In September of 1974, I was sent to Boston to do advance work in promotion of the film A Difficult Man. We chose Boston as the premiere spot, because I had a lot of contacts in the Boston area which the Dawn Horse Communion would be able to use in promoting the film. That story can be the subject for a future post.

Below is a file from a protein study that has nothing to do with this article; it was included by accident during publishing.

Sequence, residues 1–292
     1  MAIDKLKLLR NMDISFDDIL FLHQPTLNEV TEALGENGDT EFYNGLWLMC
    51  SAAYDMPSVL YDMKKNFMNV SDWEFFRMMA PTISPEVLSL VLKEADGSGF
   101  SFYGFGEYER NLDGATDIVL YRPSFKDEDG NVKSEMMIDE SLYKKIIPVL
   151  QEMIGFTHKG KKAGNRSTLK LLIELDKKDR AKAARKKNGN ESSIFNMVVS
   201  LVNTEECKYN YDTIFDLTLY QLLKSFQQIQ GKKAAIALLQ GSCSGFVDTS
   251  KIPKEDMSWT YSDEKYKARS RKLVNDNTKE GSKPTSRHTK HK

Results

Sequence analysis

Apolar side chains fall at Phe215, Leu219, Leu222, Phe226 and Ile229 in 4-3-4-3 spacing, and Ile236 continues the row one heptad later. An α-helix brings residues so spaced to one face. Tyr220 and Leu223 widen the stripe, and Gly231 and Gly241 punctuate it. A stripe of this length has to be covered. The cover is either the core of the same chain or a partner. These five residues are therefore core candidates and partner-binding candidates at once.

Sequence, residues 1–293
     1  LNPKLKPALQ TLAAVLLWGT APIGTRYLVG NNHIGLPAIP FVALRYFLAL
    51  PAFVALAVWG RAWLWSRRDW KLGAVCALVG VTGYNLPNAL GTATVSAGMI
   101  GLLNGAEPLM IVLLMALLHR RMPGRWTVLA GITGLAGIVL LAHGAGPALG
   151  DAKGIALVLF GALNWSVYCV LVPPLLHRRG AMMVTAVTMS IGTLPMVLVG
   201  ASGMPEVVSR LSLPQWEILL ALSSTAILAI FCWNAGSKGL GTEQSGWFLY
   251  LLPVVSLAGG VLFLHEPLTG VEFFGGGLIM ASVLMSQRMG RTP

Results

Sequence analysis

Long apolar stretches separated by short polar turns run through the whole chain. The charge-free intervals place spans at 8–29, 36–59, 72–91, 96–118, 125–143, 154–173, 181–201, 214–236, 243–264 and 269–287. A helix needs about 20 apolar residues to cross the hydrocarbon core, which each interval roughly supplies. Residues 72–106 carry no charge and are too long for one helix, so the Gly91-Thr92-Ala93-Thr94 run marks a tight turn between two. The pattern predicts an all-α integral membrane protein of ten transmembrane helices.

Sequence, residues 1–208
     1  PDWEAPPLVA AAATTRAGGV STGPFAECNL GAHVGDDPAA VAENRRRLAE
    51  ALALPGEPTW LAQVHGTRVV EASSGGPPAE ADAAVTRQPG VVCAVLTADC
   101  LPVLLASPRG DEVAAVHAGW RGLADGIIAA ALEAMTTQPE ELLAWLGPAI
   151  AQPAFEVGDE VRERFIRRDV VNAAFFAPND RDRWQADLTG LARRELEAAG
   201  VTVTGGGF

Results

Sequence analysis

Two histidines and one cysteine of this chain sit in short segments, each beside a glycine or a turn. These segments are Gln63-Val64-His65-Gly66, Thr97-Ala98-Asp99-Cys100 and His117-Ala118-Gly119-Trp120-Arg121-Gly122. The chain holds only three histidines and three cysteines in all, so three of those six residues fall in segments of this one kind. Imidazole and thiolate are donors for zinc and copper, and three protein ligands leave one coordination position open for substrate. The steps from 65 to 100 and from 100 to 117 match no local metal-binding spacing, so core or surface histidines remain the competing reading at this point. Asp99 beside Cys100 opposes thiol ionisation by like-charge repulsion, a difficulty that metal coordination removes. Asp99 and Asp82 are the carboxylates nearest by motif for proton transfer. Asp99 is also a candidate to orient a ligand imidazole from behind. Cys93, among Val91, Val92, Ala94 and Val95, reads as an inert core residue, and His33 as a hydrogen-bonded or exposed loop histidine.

Today I want to focus on one particular day during this promo work for A Difficult Man in Boston. One afternoon I went to visit the offices of the New Age Journal to see my old friends there. This included Robert Hargrove, the editor in chief. According to Robert my visit was on Columbus Day, which is the second Monday in October, and would have been on the 14th that year. Leslie Smith, who had been my girlfriend for several years, was the office manager of the Journal, and also prominent on the staff were Eric Utne (who later started the Utne Reader and Peggy Taylor, who I had also lived with at the Brookline East-West Journal house. The New Age Journal was begun by former staff members of the East-West Journal, who felt that the strict Macrobiotic policies of the East-West Journal were preventing them from covering a wider range of topics. I had lived with Robert Hargrove in the Macrobiotic house that he oversaw in Brookline in 1972 for a good part of a year, along with Eric Utne and Peggy Taylor—it was The East-West Journal house. I had gone to high school with his wife Cindy, although we were only acquainted. I had written a few articles for the Journal—book reviews and interviews, and had been the distribution manager for a time, dropping off hundreds of free copies of the Journal at local colleges out of my green Volkswagen bus. So that is some background. It was like a homecoming to visit my old friends at the New Age Journal, who I had not seen since I had left to become a devotee of Adi Da (Bubba Free John), and I was full of anticipation about how they might respond to Bubba.